“The Constitution does not empower presidents to make general appointments to undefined positions somewhere in the judiciary, and to move them around whenever they choose,” he wrote. Jipping warned that the proposal to rotate justices would enable a president to “banish a justice he did not like to some other court for the rest of his judicial life.” He referred to “rotation” as “simply packing the Supreme Court by other means.”

The idea of court packing was previously raised in the 1930s by President Franklin Roosevelt, a Democrat. He wanted to increase the size of the Supreme Court so that justices appointed by him would dilute the votes of the sitting Supreme Court justices who found his New Deal programs unconstitutional.  

The Democratic-led Senate rejected Roosevelt’s proposal and the number of Supreme Court justices has remained at nine for more than a century and a half. In 1983, Biden, whose vice presidency was preceded by a decades-long career in the United States Senate, described Roosevelt’s push to enlarge the Supreme Court as a “bonehead idea” that “put in question, for an entire decade, the independence of … the most significant body in this country: the Supreme Court of the United States of America.”

The debate about court packing and changes to the Supreme Court comes as Democrats are fuming about the confirmation of Amy Coney Barrett to the court one week before the 2020 presidential election.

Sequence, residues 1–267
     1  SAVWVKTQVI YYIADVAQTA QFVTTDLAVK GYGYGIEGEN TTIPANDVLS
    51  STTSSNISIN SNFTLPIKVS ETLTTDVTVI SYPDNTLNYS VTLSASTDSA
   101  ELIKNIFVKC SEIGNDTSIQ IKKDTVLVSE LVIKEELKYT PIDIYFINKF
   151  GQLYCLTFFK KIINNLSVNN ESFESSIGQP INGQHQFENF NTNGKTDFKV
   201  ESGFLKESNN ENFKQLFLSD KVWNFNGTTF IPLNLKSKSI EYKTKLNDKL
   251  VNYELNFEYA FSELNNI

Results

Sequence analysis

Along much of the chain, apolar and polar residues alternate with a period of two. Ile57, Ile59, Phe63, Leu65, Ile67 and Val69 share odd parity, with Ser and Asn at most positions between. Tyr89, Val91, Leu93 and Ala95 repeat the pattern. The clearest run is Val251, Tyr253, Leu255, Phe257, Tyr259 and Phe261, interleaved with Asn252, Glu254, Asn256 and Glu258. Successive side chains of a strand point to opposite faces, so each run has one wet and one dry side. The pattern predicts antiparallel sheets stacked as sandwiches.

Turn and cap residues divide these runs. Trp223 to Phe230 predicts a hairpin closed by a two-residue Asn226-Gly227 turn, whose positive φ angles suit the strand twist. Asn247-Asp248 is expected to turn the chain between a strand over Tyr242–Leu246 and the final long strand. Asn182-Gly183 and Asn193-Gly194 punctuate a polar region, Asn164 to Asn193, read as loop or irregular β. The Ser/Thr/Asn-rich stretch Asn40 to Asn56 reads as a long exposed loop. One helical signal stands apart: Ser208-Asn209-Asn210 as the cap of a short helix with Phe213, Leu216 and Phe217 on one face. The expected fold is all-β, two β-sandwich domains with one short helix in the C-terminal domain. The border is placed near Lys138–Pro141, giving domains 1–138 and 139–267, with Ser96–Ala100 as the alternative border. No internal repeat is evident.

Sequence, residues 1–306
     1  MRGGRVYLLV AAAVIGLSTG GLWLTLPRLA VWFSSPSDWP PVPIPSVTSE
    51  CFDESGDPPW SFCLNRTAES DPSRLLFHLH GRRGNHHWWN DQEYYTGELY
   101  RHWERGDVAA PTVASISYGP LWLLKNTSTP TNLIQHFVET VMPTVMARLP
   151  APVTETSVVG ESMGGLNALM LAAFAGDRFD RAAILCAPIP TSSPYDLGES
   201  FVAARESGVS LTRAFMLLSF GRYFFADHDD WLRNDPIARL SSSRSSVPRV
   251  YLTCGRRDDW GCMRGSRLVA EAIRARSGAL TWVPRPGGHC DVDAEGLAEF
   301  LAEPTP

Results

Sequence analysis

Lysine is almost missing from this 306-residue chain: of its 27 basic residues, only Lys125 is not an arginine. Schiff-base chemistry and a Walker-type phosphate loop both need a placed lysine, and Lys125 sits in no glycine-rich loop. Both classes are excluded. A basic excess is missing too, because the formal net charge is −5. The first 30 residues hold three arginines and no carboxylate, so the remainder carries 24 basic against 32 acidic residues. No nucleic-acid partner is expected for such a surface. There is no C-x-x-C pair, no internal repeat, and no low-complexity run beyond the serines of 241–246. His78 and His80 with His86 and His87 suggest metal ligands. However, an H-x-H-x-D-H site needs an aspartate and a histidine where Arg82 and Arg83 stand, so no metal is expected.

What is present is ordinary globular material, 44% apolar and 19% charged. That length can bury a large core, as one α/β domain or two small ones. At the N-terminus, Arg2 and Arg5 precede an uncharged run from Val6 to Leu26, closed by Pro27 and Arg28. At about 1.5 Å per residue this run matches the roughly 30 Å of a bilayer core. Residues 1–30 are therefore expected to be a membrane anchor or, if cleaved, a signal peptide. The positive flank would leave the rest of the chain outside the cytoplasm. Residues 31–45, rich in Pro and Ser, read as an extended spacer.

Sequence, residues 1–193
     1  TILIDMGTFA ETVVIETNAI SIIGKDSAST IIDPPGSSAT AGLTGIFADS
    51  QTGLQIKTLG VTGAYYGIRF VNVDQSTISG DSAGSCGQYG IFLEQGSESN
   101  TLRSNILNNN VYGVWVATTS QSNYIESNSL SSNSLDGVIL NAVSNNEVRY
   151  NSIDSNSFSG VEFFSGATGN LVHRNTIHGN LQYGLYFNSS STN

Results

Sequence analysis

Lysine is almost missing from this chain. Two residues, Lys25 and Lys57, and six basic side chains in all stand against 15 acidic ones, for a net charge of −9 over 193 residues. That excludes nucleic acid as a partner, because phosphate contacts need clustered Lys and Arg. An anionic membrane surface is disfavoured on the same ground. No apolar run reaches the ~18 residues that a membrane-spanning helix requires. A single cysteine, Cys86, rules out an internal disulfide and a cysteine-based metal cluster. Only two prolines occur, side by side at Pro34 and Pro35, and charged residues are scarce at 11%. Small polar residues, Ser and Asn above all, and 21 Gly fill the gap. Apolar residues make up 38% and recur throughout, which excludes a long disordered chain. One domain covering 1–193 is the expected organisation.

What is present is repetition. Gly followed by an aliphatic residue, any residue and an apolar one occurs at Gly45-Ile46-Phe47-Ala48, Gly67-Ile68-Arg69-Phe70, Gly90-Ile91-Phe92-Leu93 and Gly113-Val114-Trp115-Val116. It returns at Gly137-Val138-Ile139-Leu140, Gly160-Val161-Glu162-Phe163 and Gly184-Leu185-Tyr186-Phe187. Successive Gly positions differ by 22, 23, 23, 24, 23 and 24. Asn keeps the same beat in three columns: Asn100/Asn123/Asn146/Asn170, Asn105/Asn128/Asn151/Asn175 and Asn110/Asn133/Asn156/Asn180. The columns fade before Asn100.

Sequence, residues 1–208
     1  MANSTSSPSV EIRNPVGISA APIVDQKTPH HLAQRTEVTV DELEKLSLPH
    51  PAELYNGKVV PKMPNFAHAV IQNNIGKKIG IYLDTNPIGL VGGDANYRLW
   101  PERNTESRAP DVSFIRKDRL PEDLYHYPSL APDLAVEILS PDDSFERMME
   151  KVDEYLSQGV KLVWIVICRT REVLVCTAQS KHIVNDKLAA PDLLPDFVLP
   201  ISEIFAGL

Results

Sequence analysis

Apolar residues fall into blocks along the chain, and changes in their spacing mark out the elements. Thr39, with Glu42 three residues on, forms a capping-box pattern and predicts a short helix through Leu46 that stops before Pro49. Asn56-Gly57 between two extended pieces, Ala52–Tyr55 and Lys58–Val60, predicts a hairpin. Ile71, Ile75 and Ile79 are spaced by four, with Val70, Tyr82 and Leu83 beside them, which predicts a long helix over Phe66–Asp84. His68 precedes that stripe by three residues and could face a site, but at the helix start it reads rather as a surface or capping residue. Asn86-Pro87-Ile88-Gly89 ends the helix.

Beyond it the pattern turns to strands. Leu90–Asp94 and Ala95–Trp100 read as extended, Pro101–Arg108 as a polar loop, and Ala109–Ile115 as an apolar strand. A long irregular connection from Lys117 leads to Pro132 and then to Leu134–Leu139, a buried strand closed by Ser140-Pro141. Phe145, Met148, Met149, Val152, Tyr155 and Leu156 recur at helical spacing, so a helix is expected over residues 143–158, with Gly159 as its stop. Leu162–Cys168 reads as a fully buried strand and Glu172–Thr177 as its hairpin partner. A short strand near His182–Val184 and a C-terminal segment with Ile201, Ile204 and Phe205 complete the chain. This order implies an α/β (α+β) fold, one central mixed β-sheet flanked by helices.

Barrett’s presence on the high court means that the third branch of government now consists of six Republican-appointed justices and three Democrat-appointed justices. Barrett replaces the late Supreme Court Justice Ruth Bader Ginsburg, who had earned folk hero status among the feminists and liberals that make up an important constituency of the Democratic Party.

Democrats have expressed concern that the Roe v. Wade Supreme Court decision that legalized abortion nationwide and the Affordable Care Act will meet their demise with Barrett on the court.

Notably this year, at least one Republican-appointed justice joined liberal justices in two cases involving abortion and gender identity.

In the case of Bostock v. Clayton County, Georgia, two Republican-appointed justices, Neil Gorsuch and John Roberts, joined the four liberal justices in ruling that it is a violation of civil rights law to fire an employee based on their sexual orientation or gender identity. 

In the case of June Medical Services v. Russo, Roberts joined the liberal justices in ruling that a Louisiana state law requiring abortion providers to have admitting privileges at nearby hospitals was unconstitutional.

Calls to expand the size of the Supreme Court immediately followed Barrett’s confirmation Monday. Reps. Alexandria Ocasio-Cortez, D-N.Y., and Ilhan Omar, D-Minn., outspoken voices in the progressive wing of the Democratic Party, sent out tweets, saying, “Expand the court.”